1975 Red Sox, circa 1985

I don’t know where Rice sociology professor Bill Martin grew up but I’m pretty darn sure it wasn’t Boston, Massachusetts. So my question–if you’re out there, Bill–is why the Red Sox team picture on his office wall, especially since judging by the grey in his hair I’d put this photo about ten years later?

That was a great team for sure and that 1975 World Series was one of the best ever. The games were all day games but late enough in the afternoon (and in the Eastern time zone) that I could make it home from school in time to see most of them. I more or less worshipped Carl Yastrzemski and it was tough to see the Sox lose. But I was well over it by 1985.

Sigh.

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4 Responses to 1975 Red Sox, circa 1985

  1. Marc Hairston says:

    That’s easy. He attended Harvard for his Ph.D work and that’s where he became a Red Sox fan. He used to mention them frequently during his classes back in the late 70s.

  2. Kermit Lancaster, Wiess 1977 says:

    They might have been considered day games if you were in the Pacific Time Zone but only the first two games were day games locally. Games 1 and 2 began at 1:00 p.m. ET at Fenway. Games 3, 4, and 5 were at 8:30 p.m. at Riverfront. Game 6 was 8:15 p.m. back at Fenway.

    https://en.wikipedia.org/wiki/1975_World_Series#Matchups

    Back in 1975 no one had a personal TV in their room. There was a television in the Wiess lounge and the place was packed every evening during the series. I had as much fun watching the crowd as the game.

  3. Bill Martin says:

    In fact, I became a Red Sox fan sometime back in the 1940s. I believe the first impetus was seeing a page about Ted Williams in a comic book. Known for his incredible ability to see the ball as it came toward him, he was pictured in this little one-page spread between stories as standing at the plate holding a camera as the ball came toward him. That image stuck with me and I became a Sox fan. I listened to the World Series in 1946 after Ted had returned from the war and led the team to a terrific season. As my teams will do, they lost to the Cardinals in the Series–after leading in the eighth with two outs in Game 7. I was a Sox and Ted fan from then on. Shortly after we arrived in Boston in September 1960, I went to Fenway to see the Sox play the Yankees. Not only did Ted play; so did Mickey Mantle, Roger Maris, and Yogi Berra. I have long regretted that I did not attend Ted’s last game, in which he hit a home run in the last at-bat of his career, then refused as always to come out to receive the crowd’s long ovation. As John Updike wrote in The New Yorker, “Gods do not answer letters.” 1961 was the rookie season for Carl Yastrzemski, another marvelous ball player whom I saw play many times at Fenway over the years through the 7th game of the 1967 World Series, when the Sox lost to the Cardinals again. He was another true great player, and much more personally pleasant than The Kid, aka The Splendid Splinter. I drew great satisfaction when the Sox overcame the Curse of the Bambino and won the 2004, this time sweeping the Cardinals and enjoyed their subsequent wins, but I moved my allegiance to the Astros some time ago. I am now quite conflicted after the sign-stealing scandal. I’m not sure I will regain my feelings for baseball now.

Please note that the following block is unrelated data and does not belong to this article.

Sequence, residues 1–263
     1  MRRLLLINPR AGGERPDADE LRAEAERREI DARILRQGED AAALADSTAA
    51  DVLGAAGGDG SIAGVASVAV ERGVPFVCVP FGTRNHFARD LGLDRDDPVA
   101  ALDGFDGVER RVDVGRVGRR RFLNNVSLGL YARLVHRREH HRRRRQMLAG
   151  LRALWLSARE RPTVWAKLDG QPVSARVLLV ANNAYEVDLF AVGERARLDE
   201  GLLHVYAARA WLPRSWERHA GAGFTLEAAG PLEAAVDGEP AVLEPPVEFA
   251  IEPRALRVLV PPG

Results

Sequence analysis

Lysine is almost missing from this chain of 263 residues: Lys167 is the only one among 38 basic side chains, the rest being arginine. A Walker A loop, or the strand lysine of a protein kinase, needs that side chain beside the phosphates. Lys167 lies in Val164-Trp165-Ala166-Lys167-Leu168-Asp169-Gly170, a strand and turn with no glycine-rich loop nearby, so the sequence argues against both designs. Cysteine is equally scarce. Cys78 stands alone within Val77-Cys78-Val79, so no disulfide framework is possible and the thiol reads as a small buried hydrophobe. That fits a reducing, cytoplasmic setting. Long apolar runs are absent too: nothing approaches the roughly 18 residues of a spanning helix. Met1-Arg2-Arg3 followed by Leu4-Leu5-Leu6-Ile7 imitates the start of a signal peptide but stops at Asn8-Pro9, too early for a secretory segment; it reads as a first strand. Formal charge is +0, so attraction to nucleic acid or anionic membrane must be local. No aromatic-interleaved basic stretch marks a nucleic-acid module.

4. Guy says:

    Great story, Bill!

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